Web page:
In addition to his work as a sculptor, he is a professor at the University of Michigan, Stamps School of Art & Design. He was hired in 1981 as a visiting artist and granted a full time position in 1982. From 2002 to 2005 he was the Director of International Programs at the School of Art & Design. In 1988, he was awarded the Amoco Distinguished Teaching Award and the Teaching Excellence Award in 1989. In 2000, he served as Interim Associate Dean of Graduate Studies. Concurrently with his position at the University of Michigan, he was a visiting lecturer at the New York Academy of Art in New York City from 1991 through 2001. Prior to his appointment at the University of Michigan he was an Assistant Professor at the University of Pittsburgh.
Louis Marinaro describes his sculpture as content driven, it is based upon what he imagines and perceives. He intends for his work to function on multiple levels both visually and contextually, it is an interwoven metaphor between what we see, imagine and know. Louis Marinaro offers a perception of the world in which we live that embodies the complexity of our life experiences.
This exhibition is made possible in part by the Stamps School of Art & Design, at The University of Michigan.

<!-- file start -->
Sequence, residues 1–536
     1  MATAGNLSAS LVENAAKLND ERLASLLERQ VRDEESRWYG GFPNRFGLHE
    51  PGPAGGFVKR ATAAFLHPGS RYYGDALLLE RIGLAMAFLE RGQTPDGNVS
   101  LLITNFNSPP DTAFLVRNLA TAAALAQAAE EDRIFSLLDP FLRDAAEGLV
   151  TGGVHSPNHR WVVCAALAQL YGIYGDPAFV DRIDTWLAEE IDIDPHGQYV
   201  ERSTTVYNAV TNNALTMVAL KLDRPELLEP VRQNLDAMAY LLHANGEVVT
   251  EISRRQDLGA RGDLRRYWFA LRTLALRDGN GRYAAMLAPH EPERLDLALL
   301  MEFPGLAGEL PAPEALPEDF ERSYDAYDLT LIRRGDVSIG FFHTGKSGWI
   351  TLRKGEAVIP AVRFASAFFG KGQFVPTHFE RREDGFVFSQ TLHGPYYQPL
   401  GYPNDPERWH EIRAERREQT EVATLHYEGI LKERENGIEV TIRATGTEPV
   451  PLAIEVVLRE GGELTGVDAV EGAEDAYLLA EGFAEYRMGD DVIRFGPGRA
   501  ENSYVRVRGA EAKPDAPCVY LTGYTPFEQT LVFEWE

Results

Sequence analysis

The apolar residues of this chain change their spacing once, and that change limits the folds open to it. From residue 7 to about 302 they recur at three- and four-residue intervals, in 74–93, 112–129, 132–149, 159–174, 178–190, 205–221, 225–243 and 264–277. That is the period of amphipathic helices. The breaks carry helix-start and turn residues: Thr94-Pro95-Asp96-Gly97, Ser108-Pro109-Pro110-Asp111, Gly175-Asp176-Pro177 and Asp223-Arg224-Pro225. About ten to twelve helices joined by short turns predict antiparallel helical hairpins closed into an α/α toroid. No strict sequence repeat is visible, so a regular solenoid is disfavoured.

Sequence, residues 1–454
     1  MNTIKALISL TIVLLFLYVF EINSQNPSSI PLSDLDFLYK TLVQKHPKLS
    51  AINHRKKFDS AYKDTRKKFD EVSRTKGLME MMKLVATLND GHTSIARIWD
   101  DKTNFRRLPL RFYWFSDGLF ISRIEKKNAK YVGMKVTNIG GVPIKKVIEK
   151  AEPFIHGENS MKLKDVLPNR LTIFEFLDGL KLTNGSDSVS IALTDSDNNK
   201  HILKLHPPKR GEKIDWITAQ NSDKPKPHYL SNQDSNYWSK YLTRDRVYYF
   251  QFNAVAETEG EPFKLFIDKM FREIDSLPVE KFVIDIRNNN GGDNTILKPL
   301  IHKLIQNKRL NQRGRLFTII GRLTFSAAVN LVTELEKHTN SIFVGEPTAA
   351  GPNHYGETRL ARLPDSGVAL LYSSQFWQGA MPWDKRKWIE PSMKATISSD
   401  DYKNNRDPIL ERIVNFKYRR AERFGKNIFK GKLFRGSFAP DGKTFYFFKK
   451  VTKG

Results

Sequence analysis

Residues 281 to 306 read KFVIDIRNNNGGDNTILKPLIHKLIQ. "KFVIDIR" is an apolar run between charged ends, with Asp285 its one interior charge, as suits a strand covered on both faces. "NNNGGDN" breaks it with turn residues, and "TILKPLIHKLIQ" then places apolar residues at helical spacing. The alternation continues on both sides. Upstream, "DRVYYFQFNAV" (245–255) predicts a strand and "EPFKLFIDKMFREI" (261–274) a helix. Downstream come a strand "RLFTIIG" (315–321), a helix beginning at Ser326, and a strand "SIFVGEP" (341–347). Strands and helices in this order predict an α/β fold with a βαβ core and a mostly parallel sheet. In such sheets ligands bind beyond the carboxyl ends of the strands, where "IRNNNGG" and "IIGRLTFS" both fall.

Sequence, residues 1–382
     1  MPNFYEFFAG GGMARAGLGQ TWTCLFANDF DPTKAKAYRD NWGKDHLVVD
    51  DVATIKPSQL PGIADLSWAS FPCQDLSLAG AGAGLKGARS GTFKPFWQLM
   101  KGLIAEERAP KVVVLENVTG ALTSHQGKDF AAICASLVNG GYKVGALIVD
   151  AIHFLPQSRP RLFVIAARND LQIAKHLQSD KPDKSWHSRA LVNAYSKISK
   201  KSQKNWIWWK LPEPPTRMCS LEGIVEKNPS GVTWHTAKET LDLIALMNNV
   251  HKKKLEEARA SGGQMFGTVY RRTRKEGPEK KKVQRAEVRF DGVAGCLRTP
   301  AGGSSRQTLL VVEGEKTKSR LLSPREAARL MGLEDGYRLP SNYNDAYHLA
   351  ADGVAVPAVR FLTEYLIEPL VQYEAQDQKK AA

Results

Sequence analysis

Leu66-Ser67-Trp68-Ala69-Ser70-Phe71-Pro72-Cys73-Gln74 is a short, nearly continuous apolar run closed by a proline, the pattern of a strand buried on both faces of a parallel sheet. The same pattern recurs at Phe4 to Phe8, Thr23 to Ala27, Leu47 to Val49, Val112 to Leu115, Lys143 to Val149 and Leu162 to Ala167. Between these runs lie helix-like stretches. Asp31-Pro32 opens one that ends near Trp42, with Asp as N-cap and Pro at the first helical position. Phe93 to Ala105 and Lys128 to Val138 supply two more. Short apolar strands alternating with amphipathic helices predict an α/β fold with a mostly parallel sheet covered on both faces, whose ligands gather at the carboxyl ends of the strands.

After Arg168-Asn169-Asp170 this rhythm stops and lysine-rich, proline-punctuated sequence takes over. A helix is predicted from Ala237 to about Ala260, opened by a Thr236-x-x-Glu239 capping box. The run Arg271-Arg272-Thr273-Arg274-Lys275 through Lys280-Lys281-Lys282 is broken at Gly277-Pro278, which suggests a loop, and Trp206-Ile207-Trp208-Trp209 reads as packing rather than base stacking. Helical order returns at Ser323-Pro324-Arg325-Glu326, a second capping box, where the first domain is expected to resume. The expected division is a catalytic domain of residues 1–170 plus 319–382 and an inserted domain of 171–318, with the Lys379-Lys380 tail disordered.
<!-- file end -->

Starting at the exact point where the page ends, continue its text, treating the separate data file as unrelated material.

Palazzo dei Cartelloni
Via Sant’Antonino, 11
50123 Firenze, Italy
Open Monday - Friday, 9am - 7pm; Saturday & Sunday 1pm-7pm
Admission is free
June 9, 2014
David Osler (BFA ‘43) is featured in a Detroit News photo gallery that features area D-Day veterans on the 70th anniversary of the Allied invasion.
David Osler, 93, was a promising artist when he realized his draft number was coming up. His brother convinced him to enlist in the Navy to avoid the Army. He thought the Navy would place him in a job similar to his skills but instead he went to work on a repair ship in North Africa.
Eventually, when he was 23, he was transferred to the USS Thomas Jefferson, where he commanded five landing craft assault vehicles in the first wave of the first attack on Omaha Beach. The Jefferson’s mission was to get 300 of the Army’s 116th regiment, 29th Division, safely to the French shore.
D-Day veterans: Young men when history came calling | Detroit News
Photo illustration by Lauren Abdel-Razzaq / The Detroit News and a self portrait, drawn April 4, 1944.
June 4, 2014
A National Geographic story features the memories and photographs of photojournalists David (Stamps Associate Professor) and Peter Turnley, who covered the events of the student movement in Tiananmen Square in 1989.
David Turnley was in Paris when he got the call. His brother Peter was in Beijing to cover the visit of Soviet leader Mikhail Gorbachev to China but was on the line with different, more exciting news. A small group of students had taken to the streets in protest in Tiananmen Square—and their numbers were swelling.
“I think something is happening here,” Peter told his brother. You need to cover this too, Peter urged.
What had started with a handful of students “soon turned into 10,000, and a few days after that, a million,” recalls Peter, all in support of greater political and personal freedoms. The year 1989 was a time of historic change in entrenched political systems like the Soviet Union and South Africa, and the Chinese students wanted to be part of it.